According to the all-staff email, during the PIC hearings, the CRA indicated it was prepared to offer wage increases similar to those offered to comparable groups in the public service.

Emma Beaubien, a spokesperson for the Administrative Tribunals Support Service of Canada, told The Hill Times that the bad-faith bargaining complaint is not an impediment to the parties returning to the bargaining table, should they decide to do so.

When asked what the board can do to rectify the situation if the CRA is found to have bargained in “bad faith” by communicating through an all-staff email, Ms. Beaubien wrote “we are not in a position to comment.”


The CRA was unable to provide a response to inquiries surrounding the bad-faith bargaining filing from The Hill Times by press deadline.

Strike vote, Phoenix failure at heart of Ottawa rally

Around 100 PSAC members rallied outside Prime Minister Justin Trudeau’s Ottawa office on Feb. 28 on a frigid Friday morning to mark the fourth anniversary of the problem-plagued Phoenix pay system. Dozens of PSAC members also gathered in Calgary on Feb. 27 according to the Calgary Herald, with about 30 gathering in Winnipeg on Feb. 19, according to the Winnipeg Sun.

Phoenix has left thousands of public servants underpaid, overpaid or not paid at all since it went live on Feb. 24, 2016.

In addition to wanting a “fair compensation package” for “this Phoenix fiasco,” PSAC national president Chris Aylward said the gathered group was also trying to make its voice heard over the ongoing contract talk stalemate.


“Obviously we’re sending a message to the Liberal minority government that we’re prepared to withdraw our services,” Mr. Aylward said at the rally.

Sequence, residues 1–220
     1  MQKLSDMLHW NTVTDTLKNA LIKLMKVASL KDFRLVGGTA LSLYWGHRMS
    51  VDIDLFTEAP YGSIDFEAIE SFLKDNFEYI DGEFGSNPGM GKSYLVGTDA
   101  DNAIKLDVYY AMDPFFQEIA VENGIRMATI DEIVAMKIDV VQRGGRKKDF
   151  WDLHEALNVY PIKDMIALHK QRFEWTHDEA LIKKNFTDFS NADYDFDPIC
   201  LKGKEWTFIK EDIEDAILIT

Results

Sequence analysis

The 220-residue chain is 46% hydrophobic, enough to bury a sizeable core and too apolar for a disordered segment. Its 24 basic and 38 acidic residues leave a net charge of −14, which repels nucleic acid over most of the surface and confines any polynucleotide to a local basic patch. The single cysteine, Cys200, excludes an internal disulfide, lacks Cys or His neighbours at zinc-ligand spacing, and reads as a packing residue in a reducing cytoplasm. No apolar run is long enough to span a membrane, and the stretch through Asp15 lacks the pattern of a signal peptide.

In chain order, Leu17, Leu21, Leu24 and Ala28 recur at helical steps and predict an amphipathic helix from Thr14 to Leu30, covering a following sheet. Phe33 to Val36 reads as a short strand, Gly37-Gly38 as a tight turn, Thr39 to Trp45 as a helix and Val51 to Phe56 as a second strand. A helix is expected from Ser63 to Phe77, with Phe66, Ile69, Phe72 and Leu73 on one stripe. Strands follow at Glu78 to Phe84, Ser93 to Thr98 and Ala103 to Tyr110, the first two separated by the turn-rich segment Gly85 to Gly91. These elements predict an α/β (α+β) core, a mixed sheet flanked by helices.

“If they don’t come to the table and give us a fair and respectful deal at the bargaining table—give us a fair, general economic increase—if we accept what’s on the table now, it’s actually a pay cut, when you really look at it,” said Mr. Aylward. “It’s less than the cost of living and that’s not acceptable.”

PSAC national president Chris Aylward attends a demonstration outside the Prime Minister’s Office in Ottawa on Feb. 28, marking the fourth anniversary of the Phoenix pay system. The Hill Times photograph by Andrew Meade

Mr. Aylward said his union will be starting strike votes on March 16 and that it will take six to eight weeks to get through them all.


“The last thing this Liberal government needs right now is any more disruptions,” said Mr. Aylward.

Crystal Warner, national executive vice-president of the Canada Employment and Immigration Union, which is under PSAC, told The Hill Times at the rally that she received a cheque in the mail about two years ago for $22,000 that she didn’t earn.

“And unfortunately I received it in December, and I was very upset because if I knew that if I didn’t manage to pay it back before the end of fiscal, I’d be on the hook for all sorts of nonsense and sure enough, I was,” said Ms. Warner. “I’m still feeling the effects of that, my employer has still not taken back that money, and it’s a never-ending source of frustration in my household.”

Ms. Warner said she was audited for 2017 six times by the CRA—twice last year.


“I have no doubt this year I’m going to through hell again,” said Ms. Warner. When asked if she was going to vote in favour of a strike, Ms. Warner said she “absolutely” was.

The government recently backed off from its plan to transfer nearly 3,500 civilian members of the RCMP to the Phoenix system after weeks of staff members and unions expressing concern, according to the National Post.

Minister of Public Services and Procurement Anita Anand, who was tasked with eliminating the backlog of outstanding pay issues for public servants as a result of Phoenix in her mandate letter, wrote “in addressing ongoing pay issues we have reduced pending transactions by nearly 40 per cent and pending transactions with financial implications have been cut in half,” in an emailed statement to The Hill Times.“While a good deal of work remains, we are making progress and we will not stop until Phoenix is stabilized and the backlog of employee pay issues is eliminated.”